Host specificity from the collected spiders
Of 9,314 spider specimens collected in the field, the potential spider hosts, i.e. the webbuilding spiders, were represented by five families amounting to 85.7% of all collected spiders. These were Theridiidae (92%, N = 7,353), Araneidae (6.2%), Dictynidae (0.5%), Tetragnathidae (0.6%) and Linyphiidae (0.6%). The parasitoid, however, attacked only Theridiidae (100%, N = 105).
Using all data from both the samples from the parasitism rate study (N = 105) and the rearing of wasps (N = 138), it was shown that parasitized theridiid spiders belonged mainly to Theridion varians (43%, N = 104), Neottiura bimaculata (24.4%), Phylloneta impressa (6.6%), T. pinastri (4.5%) and unidentified juveniles of the “Theridion” group (21.5%). The frequency of attacked theridiid hosts did not correspond to their availability both in 2007 (Goodness of fit, χ24 = 1674, p < 0.0001) and in 2008 (Goodness of fit, χ24 = 1137, p < 0.0001), ().
Comparison of relative frequency of available and parasitized “Theridion” spider hosts in the field in 2007 (A) and 2008 (B). High quality figures are available online.
The vast majority of the parasitized spiders (89.5%) were at the juvenile stage (from N = 105). Adults, which comprised 10.5% of all parasitized hosts, were parasitized merely in August 2007, and these were exclusively females of T. varians. The mean size of the prosoma of the parasitized host was 0.71 mm (N = 105, SE = 0.013) and changed somewhat during the season ().
Comparison of the size (prosoma length) of available juvenile “Theridion” hosts during season. Points are means; uncertainty bars represent 95% confidence intervals. High quality figures are available online.
The natural sex ratio of subadult and adult “Theridion” spiders was biased in favor of females, as only 25% (from N = 204) of spiders were males. The sex ratio of parasitized “Theridion” spiders was significantly skewed in favor of females, as only 5% (from N = 75) of spiders were males (Proportion test, χ24 = 12.2, p = 0.0005).
Ovopositioning results in the laboratory
Under laboratory conditions, Z. percontatoria attacked exclusively spiders of the family Theridiidae and ignored linyphiid, araneid or dictynid spiders (GLM, F3,32 = 19.1, p = 0.004). When six taxa of the family Theridiidae (N = 30) were offered, parasitism differed significantly among them (GEE, χ25 = 87.2, p < 0.0001). N. bimaculata, T. varians and “Theridion” were parasitized with similarly high frequency, P. impressa was parasitized with a low frequency, and D. melanogaster and Enoplognatha sp. were not parasitized at all ().
Relative frequencies of six taxa parasitized by wasps in laboratory experiments. High quality figures are available online.
In 2007 the rate of parasitism by Z. percontatoria wasps on theridiid spiders was 1.74% (from N = 4,814). In 2008 the rate halved to 0.83% (from N = 2,539). Comparison of the host spectrum between the two seasons, 2007 and 2008, revealed a shift in host preference. While in 2007 the highest portion of parasitized hosts was represented by T. varians, in 2008 it was represented by N. bimaculata (). In 2007 (April – August) T. varians was the most abundant species with a mean abundance of 40.1 specimens (N = 7, SD = 23.5). This species was also the most parasitized (49.5%) spider host (). In 2008, the abundance of T. varians decreased to 12.9 (N = 8, SD = 13.8), and its parasitized portion decreased to 14.6%. Neottiura bimaculata had a lower abundance in 2007, specifically 4.3 (N = 7, SD = 4.4) spiders and a parasitized portion 16.3%. In 2008, it was the most abundant species with 20.9 specimens (N = 8, SD = 6.5) and a higher portion of parasitism (63.4%) (). The abundance of P. impressa was similar in both years, i.e. 7 specimens per day (N = 7, SD = 9.8) in 2007 and 5.4 specimens (N = 8, SD = 4.84) in 2008. Its portion of parasitism increased from 5.4 to 12.2% between years.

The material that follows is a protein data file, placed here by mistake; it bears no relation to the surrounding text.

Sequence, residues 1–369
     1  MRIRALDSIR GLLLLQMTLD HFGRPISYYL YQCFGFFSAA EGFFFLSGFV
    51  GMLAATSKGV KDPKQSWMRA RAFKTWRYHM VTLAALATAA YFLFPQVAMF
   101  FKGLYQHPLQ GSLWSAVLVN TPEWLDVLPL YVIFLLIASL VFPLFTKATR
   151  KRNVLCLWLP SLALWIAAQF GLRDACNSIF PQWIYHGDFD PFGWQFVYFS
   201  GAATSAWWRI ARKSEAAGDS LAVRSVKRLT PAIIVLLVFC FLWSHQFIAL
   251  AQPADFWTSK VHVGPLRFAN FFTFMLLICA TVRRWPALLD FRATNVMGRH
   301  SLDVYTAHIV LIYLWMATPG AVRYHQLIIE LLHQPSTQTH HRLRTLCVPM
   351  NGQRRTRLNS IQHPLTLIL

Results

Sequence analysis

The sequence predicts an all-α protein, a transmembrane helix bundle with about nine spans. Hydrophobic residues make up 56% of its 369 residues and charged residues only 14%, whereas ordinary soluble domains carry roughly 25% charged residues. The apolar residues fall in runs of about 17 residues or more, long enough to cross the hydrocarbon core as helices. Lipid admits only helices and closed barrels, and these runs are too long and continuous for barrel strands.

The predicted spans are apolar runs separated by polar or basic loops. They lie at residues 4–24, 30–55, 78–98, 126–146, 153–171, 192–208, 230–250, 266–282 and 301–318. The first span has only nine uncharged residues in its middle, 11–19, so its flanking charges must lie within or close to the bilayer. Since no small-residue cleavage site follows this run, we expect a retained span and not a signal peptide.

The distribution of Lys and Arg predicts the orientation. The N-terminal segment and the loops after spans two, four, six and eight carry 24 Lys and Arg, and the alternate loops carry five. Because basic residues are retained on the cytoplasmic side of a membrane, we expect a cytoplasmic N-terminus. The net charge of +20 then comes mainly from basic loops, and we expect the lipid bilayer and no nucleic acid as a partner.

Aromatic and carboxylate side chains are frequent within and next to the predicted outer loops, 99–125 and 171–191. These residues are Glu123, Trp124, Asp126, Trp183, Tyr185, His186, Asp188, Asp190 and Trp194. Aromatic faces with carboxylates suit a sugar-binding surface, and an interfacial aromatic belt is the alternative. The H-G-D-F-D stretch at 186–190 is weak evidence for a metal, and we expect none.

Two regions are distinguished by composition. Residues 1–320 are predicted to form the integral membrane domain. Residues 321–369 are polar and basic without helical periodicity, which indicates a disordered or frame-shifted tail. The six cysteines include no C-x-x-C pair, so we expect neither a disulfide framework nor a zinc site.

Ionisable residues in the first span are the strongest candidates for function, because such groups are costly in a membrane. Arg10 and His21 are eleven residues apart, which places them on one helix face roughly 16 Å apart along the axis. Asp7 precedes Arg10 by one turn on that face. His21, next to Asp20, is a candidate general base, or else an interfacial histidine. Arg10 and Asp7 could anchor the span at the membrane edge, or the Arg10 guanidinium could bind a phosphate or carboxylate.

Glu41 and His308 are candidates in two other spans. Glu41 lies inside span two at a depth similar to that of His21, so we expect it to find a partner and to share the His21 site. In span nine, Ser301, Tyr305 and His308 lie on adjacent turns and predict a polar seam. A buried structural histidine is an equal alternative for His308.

The body size of parasitized hosts changed significantly according to the seasons (ANOVA, F2,102 = 10.4, P < 0.0001): it was smallest in autumn and largest in summer (). The frequency of occurrence of the three main hosts, T. varians, N. bimaculata and P. impressa, at a size preferred by the parasitoid, also changed with the seasons. In spring, all three host species were juvenile and thus occurred at high frequencies at the preferred body size (). In spring (of both years) the highest parasitized portion was in T. varians (43.5%, N = 10), followed by N. bimaculata (26%), the “Theridion” group (15.5%), P. impressa (13%) and T. pinastri (2%). In summer, spiders with a suitable body size were rare, as the majority of them had reached adulthood. The prosoma size of adult T. varians, however, falls within the preferred host range and adult females were thus accepted as host (). This was not the case in P. impressa, whose adult prosoma length was far larger than 1.1 mm. Neither the first instar spiderlings (prosoma size < 0.5 mm) of T. varians or N. bimaculata that hatched from egg sacs were accepted as hosts (field data). In summer, the highest parasitized portion was observed on T. varians (57%, N = 26), followed by indeterminable spiders at early instars (prosoma > 0.6 mm) of the “Theridion” group (26%), N. bimaculata (8.7%), and P. impressa (6%) and T. pinastri (2.3%). In autumn, spiderlings (prosoma size > 0.6 mm) of all three species were accepted by the wasp (). The parasitized portion was highest on N. bimaculata (37%, N = 13), followed by T. varians (28.6%), indeterminable spiders at early instars of “Theridion” group (25.7%), P. impressa (5.7%) and T. pinastri (3%).
Figure 4. Relative frequencies of prosoma sizes of three major available host species (bars) and parasitized individuals (line) in spring (A), in summer (B) and in autumn (C). Bars were generated from spider relative abundance in the particular prosoma size (for (more ...)